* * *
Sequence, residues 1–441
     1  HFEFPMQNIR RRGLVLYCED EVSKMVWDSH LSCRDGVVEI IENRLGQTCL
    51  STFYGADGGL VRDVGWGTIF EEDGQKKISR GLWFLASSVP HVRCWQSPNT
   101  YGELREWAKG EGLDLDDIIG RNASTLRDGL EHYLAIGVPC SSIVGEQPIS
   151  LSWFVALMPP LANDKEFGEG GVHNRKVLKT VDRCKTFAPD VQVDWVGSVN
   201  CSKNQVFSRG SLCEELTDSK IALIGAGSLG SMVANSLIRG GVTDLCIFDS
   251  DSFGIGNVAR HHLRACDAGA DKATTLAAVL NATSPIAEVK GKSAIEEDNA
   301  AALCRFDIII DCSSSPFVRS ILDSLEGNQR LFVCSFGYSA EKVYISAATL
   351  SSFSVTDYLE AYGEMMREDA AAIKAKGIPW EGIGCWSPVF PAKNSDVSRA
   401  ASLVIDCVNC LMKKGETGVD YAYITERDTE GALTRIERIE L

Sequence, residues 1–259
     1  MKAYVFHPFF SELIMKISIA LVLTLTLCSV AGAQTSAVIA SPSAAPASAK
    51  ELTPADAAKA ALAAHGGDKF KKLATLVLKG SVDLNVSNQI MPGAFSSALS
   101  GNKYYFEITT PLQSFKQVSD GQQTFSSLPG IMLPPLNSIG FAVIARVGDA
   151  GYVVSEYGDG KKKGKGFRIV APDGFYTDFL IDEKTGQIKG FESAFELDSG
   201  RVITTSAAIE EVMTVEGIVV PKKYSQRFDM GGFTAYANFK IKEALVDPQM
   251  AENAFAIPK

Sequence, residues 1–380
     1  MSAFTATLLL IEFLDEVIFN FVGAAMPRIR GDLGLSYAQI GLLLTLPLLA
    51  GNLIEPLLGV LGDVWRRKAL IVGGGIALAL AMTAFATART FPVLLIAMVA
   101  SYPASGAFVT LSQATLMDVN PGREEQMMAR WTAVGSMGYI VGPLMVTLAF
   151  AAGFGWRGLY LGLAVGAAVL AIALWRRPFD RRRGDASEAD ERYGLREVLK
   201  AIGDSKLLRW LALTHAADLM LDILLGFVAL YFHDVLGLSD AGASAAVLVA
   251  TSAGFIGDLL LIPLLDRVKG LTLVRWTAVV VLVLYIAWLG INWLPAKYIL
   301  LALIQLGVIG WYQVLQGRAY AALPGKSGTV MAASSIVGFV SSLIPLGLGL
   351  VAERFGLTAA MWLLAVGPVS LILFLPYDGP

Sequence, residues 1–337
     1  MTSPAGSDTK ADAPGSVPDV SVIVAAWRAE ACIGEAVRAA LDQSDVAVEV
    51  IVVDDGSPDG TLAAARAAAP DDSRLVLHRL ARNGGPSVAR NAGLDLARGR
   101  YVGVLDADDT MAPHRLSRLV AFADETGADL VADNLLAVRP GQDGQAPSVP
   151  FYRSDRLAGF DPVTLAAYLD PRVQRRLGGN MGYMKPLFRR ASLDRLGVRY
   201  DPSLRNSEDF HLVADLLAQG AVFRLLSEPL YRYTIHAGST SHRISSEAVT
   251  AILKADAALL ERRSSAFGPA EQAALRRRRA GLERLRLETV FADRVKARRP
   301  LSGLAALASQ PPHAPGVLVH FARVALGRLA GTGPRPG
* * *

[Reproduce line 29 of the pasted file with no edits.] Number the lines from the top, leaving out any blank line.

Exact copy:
    51  IVVDDGSPDG TLAAARAAAP DDSRLVLHRL ARNGGPSVAR NAGLDLARGR